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CM Storm QuickFire TK Keyboard Review

BluePanda    -   December 6, 2012
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Closer Look:

Plugging in that cable takes a little effort, like any cable, if it isn't turned the right way, it's not going to go in. However, once you do get it in place, it's pretty easy from there. You can route the cable directly out the top like most standard keyboards, you can route the cable to the right to feed your rig, or you can route the cable to the left to keep your desk nice and tidy. It really depends on where you are plugging it in, but being able to route it one specific direction really helps clean up your desk.

 

 

 

 

 

 

 

 

 

 

 

 

 

These next couple pictures serve more a purpose than to just show you more of the keyboard. They provide an idea of how the keyboard sits on your desk along the edge where your wrists may sit. I think it also provides a nice indication of how tall the keys are (your typical mech key height really). The second shot lets you peer in at the blue between the first and second column of number keys (merely because this is where the camera centered) getting a glance at the blue once again. I must say the blue is quite a bit less noticeable in any less lighting. It really serves as a rebound for the LEDs and a very subtle accent when off. So if you're not digging the color of the steelplate – it's not the end of the world.

 

 

The top line of function keys F1-F12 all serve as dual purpose keys as well. F1-F4 control the lighting options, F5-F8 control the media playback, F9-F11 control the volume options, and F12 toggles the Windows key on or off. The ESC key is no exception from that row of options and serves as a dual for toggling 6KRO for Mac users or NKRO for Windows users.

Now I can't quite decide if I want to give my true feelings on the number pad here or in the testing section itself, but if you can guess at all, I'm not too fond of it. A lot of laptops have a similar pad, if they have a number pad at all, that has the nested navigation keys so some of you are quite used to this – or have a slight problem with it as I do. Nonetheless it does allow the keyboard to be quite tightly keyed allowing for a nice small deskspace or great for travel – I'll leave my true thoughts for later.

 

 

This is perhaps one of the more fun parts about shooting pictures of a keyboard – popping off a key. If you didn't get in trouble for popping keys off keyboards in class or have never had the pleasure of moving the keys around for those too unfortunate to touch type -- you won't understand. But as a kid I always liked taking things apart, including pulling keys off keyboards. Underneath it really isn't all that exciting, but you can see the top end of the blue switch (literally colored blue) and the mounted LED that allows this beauty to light up. So if you haven't had the fun – why not go mess up your dad's keys and see how long it takes him to figure it out…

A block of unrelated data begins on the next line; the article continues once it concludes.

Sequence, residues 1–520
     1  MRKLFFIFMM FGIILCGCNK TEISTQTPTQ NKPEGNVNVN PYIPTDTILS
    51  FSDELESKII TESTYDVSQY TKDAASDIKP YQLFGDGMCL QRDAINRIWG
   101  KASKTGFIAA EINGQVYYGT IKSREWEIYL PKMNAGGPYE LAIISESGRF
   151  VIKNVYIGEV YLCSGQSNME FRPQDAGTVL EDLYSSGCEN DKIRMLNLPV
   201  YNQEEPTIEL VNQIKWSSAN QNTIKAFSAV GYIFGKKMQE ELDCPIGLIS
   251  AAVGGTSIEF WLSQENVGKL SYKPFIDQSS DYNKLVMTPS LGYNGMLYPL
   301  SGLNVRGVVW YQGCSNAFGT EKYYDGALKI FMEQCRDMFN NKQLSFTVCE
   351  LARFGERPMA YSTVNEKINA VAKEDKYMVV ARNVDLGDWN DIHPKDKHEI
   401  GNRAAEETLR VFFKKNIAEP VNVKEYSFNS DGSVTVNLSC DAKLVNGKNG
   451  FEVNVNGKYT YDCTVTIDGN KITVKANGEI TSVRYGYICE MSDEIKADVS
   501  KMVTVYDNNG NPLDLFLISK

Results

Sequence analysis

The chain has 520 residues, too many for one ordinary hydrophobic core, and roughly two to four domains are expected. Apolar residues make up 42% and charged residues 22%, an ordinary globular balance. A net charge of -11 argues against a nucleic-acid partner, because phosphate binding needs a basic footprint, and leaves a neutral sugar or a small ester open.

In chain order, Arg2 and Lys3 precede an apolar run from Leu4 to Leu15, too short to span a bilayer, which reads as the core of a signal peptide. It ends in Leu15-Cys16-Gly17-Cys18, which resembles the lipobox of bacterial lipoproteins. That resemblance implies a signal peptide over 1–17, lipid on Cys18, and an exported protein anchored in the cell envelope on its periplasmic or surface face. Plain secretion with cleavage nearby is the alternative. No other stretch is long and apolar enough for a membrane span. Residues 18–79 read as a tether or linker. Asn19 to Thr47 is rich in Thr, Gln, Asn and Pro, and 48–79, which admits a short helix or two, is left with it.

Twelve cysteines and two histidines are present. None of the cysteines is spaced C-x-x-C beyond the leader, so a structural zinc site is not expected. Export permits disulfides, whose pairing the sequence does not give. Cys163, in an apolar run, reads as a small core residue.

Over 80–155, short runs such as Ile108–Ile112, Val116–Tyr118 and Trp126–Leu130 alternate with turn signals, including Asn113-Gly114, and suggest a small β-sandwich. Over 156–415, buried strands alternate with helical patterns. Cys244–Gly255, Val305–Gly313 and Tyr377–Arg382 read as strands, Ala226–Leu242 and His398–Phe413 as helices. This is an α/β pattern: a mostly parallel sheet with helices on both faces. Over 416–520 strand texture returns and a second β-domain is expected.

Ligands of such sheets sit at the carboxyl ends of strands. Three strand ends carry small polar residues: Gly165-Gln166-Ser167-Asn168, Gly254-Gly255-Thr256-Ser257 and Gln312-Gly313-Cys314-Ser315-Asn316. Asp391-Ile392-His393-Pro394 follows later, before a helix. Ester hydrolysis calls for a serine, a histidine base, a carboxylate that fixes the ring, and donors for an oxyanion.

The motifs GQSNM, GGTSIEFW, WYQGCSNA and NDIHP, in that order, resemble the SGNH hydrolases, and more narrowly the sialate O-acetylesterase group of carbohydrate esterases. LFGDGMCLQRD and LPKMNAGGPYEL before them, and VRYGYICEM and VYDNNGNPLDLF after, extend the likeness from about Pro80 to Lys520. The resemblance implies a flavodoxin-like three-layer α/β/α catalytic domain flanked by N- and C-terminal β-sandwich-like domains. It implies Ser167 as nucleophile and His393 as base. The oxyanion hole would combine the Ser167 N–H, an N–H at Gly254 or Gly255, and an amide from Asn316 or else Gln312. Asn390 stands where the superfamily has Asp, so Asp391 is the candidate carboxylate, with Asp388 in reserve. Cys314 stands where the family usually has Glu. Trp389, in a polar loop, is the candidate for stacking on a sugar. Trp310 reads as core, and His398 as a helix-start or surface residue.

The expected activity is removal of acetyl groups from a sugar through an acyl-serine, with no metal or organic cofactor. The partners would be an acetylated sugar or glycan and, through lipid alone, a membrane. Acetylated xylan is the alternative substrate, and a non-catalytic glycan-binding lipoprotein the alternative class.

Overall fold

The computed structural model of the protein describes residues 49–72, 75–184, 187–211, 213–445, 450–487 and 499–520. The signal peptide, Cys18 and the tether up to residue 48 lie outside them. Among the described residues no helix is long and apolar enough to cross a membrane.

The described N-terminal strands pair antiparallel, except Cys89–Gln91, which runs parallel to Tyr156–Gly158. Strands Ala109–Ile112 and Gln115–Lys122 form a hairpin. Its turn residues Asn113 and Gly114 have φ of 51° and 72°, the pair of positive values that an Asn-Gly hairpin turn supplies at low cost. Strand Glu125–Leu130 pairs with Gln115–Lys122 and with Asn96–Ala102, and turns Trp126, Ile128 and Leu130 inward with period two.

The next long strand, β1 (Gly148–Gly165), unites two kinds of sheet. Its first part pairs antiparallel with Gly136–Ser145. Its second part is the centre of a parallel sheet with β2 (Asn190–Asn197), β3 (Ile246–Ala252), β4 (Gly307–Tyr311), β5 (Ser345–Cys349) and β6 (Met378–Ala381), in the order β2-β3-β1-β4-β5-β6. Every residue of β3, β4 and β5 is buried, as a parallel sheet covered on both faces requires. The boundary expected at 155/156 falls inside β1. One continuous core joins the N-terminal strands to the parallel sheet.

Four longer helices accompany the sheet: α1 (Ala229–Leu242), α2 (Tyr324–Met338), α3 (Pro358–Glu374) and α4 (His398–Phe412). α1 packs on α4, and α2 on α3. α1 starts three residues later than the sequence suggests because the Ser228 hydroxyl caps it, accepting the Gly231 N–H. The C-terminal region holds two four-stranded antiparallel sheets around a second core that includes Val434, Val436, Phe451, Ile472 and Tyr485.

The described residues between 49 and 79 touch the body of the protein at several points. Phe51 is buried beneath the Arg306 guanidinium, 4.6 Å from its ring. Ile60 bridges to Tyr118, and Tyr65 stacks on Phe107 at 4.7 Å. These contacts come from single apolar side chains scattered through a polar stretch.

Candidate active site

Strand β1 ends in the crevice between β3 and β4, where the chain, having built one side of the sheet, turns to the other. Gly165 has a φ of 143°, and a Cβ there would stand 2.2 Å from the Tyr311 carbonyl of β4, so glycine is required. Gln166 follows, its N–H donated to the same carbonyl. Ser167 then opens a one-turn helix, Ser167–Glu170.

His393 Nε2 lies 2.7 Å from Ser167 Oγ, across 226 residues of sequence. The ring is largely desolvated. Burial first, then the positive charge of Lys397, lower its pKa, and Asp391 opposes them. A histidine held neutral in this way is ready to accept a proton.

Lighting up the keyboard was pretty simple – plugged it in and BLUE! By default all the lighting is lit except for the F12 key (the Windows key toggle). The first picture shows the lighting at its lowest setting – the second the lighting at its brightest. Don't let the pictures fool you; this keyboard gets bright. Toggling the light mode with FN F4 there is the option to pulse the lighting as well. The other option allows you to only light up the "gaming" keys: W,A,S,D, and the arrow keys. I never really liked the appearance of such on my Razer Lycossa – but it is nice to be able to reduce the amount of keys lit up at a dimly lit LAN party. The last picture is to show you what it looks like when you toggle on all the NUM LK, PGLK, and CAPS LK keys. All three of the indicator lights at the top right of the keyboard light up. And the arrow keys in the number pad turn off. I'm guessing this design was to show you that you have the numbers as the current enabled setting making the arrow keys as "don't use me, I don't work that way right now" - it's just a reminder of the need to annoyingly toggle the NUM LK to use the keyboard as a keyboard.

 

 

 

The blue is just about everywhere on this keyboard; even the indicator lights are blue! I really like this, as a lot of times there seems to be a need for companies to mix blue and red or now even green with things. I like themes, and that little accent always ruins it. The three light up quite brightly and with the angle of the keyboard you can always see what is toggle on or off. I also thought I'd return to the favorite pulled key and show off that LED in its true color. Quite bright when turned up to full.

 




  1. CM Storm QuickFire TK: Introduction & Closer Look
  2. CM Storm QuickFire TK: Closer Look
  3. CM Storm QuickFire TK: Specifications & Features
  4. CM Storm QuickFire TK: Testing & Results
  5. CM Storm QuickFire TK: Conclusion
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